New approach studying protein structure could advance drug development
Structural changes in proteins can now be seen in increased detail, using a new application of an existing technique.

Singing in the brain
University of Utah scientists taught baby sparrows to sing a complete song even though the birds were exposed only to overlapping segments of the tune rather than the full melody.

Research gets to heart of advertising gender bias
Gender bias in pharmaceutical advertisements for cardiovascular disease may affect treatment, says a new University of Toronto study.

Researchers compare chicken, human genomes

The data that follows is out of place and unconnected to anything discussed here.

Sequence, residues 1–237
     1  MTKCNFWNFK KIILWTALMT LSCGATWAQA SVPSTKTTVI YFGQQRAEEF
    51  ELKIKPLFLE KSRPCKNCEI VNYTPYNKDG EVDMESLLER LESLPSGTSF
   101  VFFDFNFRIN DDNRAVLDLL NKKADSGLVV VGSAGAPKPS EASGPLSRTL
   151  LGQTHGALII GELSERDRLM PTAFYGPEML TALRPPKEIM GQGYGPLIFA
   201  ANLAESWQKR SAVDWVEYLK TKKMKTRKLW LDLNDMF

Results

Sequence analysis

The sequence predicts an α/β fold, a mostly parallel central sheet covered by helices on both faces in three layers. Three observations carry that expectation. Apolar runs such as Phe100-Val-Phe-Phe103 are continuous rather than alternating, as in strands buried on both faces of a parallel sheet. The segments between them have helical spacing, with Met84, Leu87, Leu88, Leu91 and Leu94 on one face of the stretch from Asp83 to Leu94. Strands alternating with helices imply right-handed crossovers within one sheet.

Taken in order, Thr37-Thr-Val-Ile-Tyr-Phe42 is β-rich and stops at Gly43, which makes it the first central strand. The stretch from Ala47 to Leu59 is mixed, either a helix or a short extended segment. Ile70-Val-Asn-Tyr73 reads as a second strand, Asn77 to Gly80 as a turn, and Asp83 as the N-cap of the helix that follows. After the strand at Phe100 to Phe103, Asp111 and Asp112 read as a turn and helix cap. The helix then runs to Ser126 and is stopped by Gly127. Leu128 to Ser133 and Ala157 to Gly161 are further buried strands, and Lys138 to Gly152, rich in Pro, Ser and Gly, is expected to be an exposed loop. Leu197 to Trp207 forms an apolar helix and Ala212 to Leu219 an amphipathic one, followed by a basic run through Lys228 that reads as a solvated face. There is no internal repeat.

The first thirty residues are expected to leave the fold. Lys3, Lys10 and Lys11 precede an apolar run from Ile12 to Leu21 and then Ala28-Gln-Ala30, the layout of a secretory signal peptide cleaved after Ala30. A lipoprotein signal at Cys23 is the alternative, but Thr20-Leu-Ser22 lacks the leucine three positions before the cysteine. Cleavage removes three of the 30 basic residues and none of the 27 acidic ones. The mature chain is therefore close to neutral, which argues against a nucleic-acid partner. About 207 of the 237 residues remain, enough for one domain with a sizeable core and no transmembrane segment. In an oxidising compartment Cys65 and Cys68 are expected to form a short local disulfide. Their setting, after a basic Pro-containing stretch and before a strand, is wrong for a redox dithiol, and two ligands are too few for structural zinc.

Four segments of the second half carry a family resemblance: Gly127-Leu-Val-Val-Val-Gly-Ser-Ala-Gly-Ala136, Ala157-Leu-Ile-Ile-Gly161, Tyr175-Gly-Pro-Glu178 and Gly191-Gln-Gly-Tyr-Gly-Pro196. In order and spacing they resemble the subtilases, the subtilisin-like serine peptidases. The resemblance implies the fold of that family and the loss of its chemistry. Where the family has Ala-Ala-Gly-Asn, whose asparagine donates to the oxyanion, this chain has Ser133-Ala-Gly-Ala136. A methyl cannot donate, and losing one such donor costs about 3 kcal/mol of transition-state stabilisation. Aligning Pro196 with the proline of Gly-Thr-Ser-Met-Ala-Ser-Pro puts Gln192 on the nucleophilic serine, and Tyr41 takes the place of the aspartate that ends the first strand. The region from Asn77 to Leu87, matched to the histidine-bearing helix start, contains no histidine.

An international research consortium has found that chickens and humans share more than half of their genes, but that their DNA sequences diverge in ways that may explain some of the important differences between birds and mammals.

Jefferson and Molecular Targeting Technologies, Inc. scientists create vaccine for wildlife rabies
While the raccoon that raids your trash at night may look cute and mischievous, think again.

Researchers invent energy-saving computer chip
University of Alberta researchers have designed a computer chip that uses about 100 times less energy than current state-of-the-art digital chips.

Day-long drivers at risk of cardiovascular problems as a result of traffic pollution
Exposure to fine particles and pollutants that accumulate in cars driving at varying speeds in road traffic enhances the likelihood of thrombosis, inflammation and alters the regularity of the heart rhythm.

Chicken genomic sequence yields insight into vertebrate evolution